Selenium is a trace mineral needed by the body in small amounts for good health. It is incorporated into proteins to make important antioxidant enzymes. These enzymes help prevent cellular damage from free radicals that can cause the development of chronic diseases such as cancer and heart disease.
Selenium can be found in the following foods:
Selenium deficiency is a result of too little selenium in the diet. Though rare, it can lead to three specific diseases:
Selenium supplementation protects people from developing Keshan disease but cannot reverse heart muscle damage once it occurs. There is little evidence that improving selenium nutritional status prevents Kashin-Beck disease.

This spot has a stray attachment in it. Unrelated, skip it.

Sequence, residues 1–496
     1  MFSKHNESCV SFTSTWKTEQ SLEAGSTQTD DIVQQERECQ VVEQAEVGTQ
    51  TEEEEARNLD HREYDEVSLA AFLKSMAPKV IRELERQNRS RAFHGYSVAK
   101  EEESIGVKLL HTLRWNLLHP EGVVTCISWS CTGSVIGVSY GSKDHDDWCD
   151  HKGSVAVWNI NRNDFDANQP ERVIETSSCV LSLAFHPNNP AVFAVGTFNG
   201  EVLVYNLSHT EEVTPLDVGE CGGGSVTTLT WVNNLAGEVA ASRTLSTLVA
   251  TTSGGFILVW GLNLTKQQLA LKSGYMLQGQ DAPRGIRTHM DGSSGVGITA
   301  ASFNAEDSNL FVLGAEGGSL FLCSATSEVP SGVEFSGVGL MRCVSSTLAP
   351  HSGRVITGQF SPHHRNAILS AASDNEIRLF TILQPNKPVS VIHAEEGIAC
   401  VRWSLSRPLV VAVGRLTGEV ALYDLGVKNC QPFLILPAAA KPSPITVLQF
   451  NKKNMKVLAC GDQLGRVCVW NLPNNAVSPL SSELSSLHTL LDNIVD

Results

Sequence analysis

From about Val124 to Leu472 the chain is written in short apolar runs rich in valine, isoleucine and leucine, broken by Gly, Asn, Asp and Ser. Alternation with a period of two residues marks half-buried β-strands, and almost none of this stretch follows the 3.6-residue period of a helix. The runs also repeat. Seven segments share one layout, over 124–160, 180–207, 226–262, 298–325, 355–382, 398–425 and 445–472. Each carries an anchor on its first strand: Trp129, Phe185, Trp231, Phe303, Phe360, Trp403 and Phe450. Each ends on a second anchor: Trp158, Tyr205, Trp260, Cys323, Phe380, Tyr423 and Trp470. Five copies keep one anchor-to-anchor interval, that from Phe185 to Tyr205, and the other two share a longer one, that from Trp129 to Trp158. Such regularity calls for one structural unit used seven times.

Vitamin A is a group of compounds that play a significant role in vision, bone development, immune support, and normal bodily function. Retinol and beta-carotene are forms of pre-vitamin A which are converted to vitamin A in the body.
Food sources of vitamin A include:
Sources of beta-carotene include:
Vitamin A deficiency exists when a child regularly fails to eat sufficient amounts of vitamin A or beta-carotene, which results in low levels of blood-serum vitamin A. Serious lack of the vitamin can lead to night blindness. Learn how to identify vitamin A deficiency.
The night blindness associated with vitamin A deficiency can be reversed with treatment. Total blindness, however, cannot be treated. Treatment for vitamin A deficiency includes:
Vitamin B12 is a water-soluble vitamin that exists in several forms. Vitamin B12 is needed for proper red blood cell formation and the maintenance of healthy nerve cells. It is also essential to making DNA, the genetic material in cells.
Vitamin B12 is found in fortified cereals and found naturally in foods that come from animals, including: